Koepsell, D., Brinkman, W. P., & Pont, S. (2014). Human research ethics committees in technical universities. Journal of Empirical Research on Human Research Ethics, 9(3), 67–73. https://doi.org/10.1177/1556264614540596
Human research ethics has developed in both theory and practice mostly from experiences in medical research. Human participants, however, are used in a much broader range of research than ethics committees oversee, including both basic and applied research at technical universities. Although mandated in the United States, the United Kingdom, Canada, and Australia, non-medical research involving humans need not receive ethics review in much of Europe, Asia, Latin America, and Africa. Our survey of the top 50 technical universities in the world shows that, where not specifically mandated by law, most technical universities do not employ ethics committees to review human studies. As the domains of basic and applied sciences expand, ethics committees are increasingly needed to guide and oversee all such research regardless of legal requirements. We offer as examples, from our experience as an ethics committee in a major European technical university, ways in which such a committee provides needed services and can help ensure more ethical studies involving humans outside the standard medical context. We provide some arguments for creating such committees, and in our supplemental article, we provide specific examples of cases and concerns that may confront technical, engineering, and design research, as well as outline the general framework we have used in creating our committee.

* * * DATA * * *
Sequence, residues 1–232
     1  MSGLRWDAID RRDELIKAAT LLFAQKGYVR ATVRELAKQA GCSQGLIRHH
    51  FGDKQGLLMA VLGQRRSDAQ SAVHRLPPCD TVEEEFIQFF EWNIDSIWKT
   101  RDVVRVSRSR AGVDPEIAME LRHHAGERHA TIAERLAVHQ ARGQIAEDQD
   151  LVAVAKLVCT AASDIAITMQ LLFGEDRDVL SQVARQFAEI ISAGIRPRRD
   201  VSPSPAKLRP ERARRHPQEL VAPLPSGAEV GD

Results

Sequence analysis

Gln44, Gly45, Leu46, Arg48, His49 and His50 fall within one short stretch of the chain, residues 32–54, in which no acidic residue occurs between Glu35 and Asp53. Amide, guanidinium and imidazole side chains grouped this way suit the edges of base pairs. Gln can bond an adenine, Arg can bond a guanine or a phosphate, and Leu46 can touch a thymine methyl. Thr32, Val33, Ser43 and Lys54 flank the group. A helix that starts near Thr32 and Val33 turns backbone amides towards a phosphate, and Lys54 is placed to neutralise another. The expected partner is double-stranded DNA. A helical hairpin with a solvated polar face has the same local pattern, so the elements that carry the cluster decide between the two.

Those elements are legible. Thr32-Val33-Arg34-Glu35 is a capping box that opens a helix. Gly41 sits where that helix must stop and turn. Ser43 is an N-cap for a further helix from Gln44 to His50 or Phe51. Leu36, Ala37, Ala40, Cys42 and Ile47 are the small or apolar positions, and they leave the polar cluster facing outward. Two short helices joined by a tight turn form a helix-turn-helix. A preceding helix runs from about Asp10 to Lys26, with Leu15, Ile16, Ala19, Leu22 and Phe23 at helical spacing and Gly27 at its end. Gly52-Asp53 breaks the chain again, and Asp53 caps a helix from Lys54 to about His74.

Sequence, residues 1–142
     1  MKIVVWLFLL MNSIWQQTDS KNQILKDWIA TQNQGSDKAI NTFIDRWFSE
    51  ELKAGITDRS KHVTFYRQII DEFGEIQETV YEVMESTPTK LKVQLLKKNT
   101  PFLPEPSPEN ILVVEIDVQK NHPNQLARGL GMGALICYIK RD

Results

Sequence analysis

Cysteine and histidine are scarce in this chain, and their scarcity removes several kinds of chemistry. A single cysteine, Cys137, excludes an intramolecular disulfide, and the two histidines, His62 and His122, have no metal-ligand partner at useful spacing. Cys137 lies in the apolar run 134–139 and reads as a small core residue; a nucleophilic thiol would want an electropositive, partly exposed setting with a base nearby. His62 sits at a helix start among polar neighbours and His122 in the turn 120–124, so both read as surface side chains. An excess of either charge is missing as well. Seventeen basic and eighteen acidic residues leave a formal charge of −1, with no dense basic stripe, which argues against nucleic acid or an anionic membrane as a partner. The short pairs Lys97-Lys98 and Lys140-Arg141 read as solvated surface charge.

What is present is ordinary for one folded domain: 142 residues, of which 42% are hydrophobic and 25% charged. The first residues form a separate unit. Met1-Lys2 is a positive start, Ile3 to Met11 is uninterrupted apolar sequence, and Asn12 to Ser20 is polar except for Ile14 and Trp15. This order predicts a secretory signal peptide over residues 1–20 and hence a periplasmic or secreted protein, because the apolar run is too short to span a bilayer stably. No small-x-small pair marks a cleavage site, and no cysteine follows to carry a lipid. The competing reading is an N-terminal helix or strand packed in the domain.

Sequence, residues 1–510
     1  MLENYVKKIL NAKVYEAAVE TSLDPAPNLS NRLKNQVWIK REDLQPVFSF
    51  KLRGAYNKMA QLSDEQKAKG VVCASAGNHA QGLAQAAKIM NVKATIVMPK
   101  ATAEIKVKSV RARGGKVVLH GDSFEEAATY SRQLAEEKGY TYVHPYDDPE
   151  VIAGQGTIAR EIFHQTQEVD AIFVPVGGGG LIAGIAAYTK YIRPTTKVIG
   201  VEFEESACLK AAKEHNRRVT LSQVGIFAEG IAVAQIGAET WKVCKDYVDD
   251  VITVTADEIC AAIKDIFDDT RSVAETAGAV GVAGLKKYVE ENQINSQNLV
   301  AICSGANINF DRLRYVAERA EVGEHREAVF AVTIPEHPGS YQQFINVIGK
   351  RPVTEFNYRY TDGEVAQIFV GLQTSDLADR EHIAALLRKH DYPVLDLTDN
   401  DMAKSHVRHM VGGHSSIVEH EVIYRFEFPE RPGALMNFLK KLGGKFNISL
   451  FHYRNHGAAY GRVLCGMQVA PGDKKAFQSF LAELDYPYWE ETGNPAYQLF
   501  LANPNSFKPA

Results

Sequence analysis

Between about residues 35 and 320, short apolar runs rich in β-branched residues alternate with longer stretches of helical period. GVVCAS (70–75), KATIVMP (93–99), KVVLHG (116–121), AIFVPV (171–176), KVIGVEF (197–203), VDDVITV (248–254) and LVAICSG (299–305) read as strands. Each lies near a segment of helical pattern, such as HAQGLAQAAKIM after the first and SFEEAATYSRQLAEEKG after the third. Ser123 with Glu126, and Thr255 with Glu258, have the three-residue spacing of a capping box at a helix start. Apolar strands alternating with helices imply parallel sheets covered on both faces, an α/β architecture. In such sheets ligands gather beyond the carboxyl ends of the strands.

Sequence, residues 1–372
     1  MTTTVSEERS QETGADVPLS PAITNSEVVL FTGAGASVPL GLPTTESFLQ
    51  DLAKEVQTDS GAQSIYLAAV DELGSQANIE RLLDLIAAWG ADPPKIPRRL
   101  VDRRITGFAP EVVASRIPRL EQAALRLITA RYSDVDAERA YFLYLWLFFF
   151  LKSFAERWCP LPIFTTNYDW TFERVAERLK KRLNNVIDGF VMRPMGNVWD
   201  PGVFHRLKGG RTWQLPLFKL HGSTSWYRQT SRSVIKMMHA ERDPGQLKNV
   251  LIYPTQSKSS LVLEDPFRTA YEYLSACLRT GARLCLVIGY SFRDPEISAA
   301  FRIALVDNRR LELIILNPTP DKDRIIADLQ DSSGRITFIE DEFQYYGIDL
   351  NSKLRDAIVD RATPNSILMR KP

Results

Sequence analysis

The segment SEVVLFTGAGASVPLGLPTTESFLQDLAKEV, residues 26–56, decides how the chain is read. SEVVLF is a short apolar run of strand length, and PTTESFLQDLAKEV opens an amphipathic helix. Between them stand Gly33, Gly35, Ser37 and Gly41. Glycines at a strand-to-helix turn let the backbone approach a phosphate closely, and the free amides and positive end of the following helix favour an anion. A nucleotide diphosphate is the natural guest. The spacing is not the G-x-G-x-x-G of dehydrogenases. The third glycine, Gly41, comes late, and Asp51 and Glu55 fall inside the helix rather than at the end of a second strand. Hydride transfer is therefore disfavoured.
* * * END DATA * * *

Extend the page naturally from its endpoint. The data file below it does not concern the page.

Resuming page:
In dem vom BMBF geförderten Projekt FeKoM werden Empfehlungen für forschungsethisches Handeln in der Kommunikations- und Medienwissenschaft systematisch erarbeitet, empirisch fundiert und der Scientific Community zur Verfügung gestellt.